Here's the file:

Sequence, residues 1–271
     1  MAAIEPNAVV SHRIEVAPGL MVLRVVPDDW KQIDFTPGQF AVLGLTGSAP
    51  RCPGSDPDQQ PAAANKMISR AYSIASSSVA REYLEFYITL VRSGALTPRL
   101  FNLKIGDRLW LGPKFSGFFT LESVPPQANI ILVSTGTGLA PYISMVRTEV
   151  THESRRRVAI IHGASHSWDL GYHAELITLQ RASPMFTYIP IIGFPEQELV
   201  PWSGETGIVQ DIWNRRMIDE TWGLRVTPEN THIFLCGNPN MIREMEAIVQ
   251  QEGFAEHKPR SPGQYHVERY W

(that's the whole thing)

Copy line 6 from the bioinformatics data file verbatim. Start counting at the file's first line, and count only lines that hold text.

   201  PWSGETGIVQ DIWNRRMIDE TWGLRVTPEN THIFLCGNPN MIREMEAIVQ